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    These articles follow the current Bible Reading plan for Overflow Ministries. If you would like to join the reading plan, simply download the plan here: Overflow Reading Plan


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    1. Taunt Psalms

      Why do you boast of evil, O mighty man? The steadfast love of God endures all the day. 

      Psalm 52:1 


      Many people know John Wycliffe as one of the early translators of the Bible into the common tongue of the people. However, there is so much more to his legacy than this. John Wycliffe grew up in a time of deep spiritual tenebras (darkness) where the people were unable to gain access to the Scriptures and were taught that they were to simply submit to the traditions, ceremonies, and practices as taught by the Roman Catholic church. It was in this context that John Wycliffe faithfully stood on the authority of the Scripture over and against the Roman Catholic church and he stands as an example of how to endure through persecution that comes from within. 


      For the most part, most of the persecution that the church had faced came from those outside of the faith, but in the case of Wycliffe he faced much persecution from those who named Christ as Lord in their lives. He was very vocal against the Roman Catholic Church for several false teachings to include: the belief that Christ’s body was physically present in the communion, the pope having more authority than true believers, and that the Gospel plus the sacraments are required for salvation. They hated Wycliffe so much, that 31 years after his natural death and they burned his carcass and threw his ashes into the river.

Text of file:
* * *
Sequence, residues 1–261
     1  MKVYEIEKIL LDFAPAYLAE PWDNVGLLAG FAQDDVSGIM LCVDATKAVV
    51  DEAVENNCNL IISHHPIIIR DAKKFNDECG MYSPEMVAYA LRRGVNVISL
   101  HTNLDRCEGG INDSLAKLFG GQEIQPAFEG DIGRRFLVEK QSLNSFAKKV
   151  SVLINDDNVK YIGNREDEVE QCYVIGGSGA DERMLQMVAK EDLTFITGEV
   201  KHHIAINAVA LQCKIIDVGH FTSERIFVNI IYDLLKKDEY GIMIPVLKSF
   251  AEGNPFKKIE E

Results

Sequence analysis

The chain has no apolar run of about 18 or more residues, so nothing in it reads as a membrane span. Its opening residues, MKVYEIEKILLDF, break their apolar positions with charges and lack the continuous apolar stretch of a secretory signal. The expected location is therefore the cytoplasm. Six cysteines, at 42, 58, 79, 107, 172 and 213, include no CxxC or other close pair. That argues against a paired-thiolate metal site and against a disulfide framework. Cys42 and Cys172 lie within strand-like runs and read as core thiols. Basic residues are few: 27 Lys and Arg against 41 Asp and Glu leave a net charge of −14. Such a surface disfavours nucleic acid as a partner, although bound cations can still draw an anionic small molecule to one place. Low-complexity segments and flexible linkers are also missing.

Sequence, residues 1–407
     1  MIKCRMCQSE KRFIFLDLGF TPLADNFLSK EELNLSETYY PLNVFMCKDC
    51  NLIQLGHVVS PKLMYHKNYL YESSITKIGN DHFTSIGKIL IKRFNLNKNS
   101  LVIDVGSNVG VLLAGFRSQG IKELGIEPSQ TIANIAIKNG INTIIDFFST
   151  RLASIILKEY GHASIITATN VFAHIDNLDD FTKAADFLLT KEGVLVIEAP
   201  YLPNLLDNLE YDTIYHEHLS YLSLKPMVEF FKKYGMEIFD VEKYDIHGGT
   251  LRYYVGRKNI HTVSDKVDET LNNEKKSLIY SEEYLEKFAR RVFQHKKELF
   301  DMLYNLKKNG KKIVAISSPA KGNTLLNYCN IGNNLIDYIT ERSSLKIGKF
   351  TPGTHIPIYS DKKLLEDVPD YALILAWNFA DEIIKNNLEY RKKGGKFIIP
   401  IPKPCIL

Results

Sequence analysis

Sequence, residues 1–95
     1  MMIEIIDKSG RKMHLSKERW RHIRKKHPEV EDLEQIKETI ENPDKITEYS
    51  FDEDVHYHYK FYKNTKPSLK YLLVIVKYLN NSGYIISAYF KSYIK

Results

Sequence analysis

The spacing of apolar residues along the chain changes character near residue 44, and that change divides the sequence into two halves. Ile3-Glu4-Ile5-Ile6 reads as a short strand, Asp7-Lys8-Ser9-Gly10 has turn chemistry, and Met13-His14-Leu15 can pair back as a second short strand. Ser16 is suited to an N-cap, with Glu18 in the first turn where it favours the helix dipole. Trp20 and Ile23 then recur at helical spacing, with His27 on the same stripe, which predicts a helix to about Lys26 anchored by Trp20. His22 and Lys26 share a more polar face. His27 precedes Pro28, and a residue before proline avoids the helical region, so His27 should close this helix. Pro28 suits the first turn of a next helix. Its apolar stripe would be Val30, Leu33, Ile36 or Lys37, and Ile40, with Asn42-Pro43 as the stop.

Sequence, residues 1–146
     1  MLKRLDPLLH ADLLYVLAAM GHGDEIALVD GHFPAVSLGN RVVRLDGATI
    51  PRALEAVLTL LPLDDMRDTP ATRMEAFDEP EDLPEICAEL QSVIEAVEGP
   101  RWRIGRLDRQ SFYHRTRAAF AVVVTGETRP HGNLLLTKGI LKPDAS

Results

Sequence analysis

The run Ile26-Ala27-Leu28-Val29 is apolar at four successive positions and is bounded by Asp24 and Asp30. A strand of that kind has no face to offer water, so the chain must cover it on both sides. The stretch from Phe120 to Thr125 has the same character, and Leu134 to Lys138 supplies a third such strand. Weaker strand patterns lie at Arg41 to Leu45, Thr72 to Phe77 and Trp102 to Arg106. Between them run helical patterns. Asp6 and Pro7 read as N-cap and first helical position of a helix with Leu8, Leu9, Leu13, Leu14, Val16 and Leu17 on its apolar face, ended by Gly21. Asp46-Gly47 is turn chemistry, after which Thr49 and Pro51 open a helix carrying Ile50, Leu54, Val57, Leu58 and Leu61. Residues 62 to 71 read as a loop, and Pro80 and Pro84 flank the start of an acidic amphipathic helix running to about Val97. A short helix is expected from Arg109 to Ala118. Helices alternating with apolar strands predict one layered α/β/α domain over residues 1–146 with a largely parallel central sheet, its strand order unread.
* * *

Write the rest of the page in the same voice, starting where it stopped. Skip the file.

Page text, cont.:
John Wycliffe’s story is not unique to him, but can be found throughout the history of the church. There will be enemies of God from within and without the church. All believers are called to feed, care for, love, and pray for their enemies. In the taunt psalms, we find yet an expression of prayer for our enemies in the form of imprecations, curses, and taunts. Although these psalms reproach the godless for their wickedness and call out the impending doom that is at hand for those who do not put their trust in God for their salvation, they also appeal to the steadfast love of God. 


      An example of this may be found in the 52nd psalm where we read of an imprecation from David on Doeg the Edomite. This wicked man had brought death upon the priests who had assisted David in Nob and David cries out to the Lord to execute his justice on the godless, evil man for his arrogance and lies. The taunt psalms remind us that God will execute His justice upon the earth, on the righteous and the unrighteous. And it teaches us how we may cry out to God to act in a consistent manner with His character and nature. When we sing these psalms, a hatred for sins should be felt, but always with the understanding that ruin will be the end of those who persist in it.


      Grace and Peace,

      Alex Galvez


      To never miss an article, click on the "Subscribe" button at the top of the blog page (https://aogalvez.blogspot.com/

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      These articles follow the current Bible Reading plan for Overflow Ministries. If you would like to join the reading plan, simply download the plan here: Overflow Reading Plan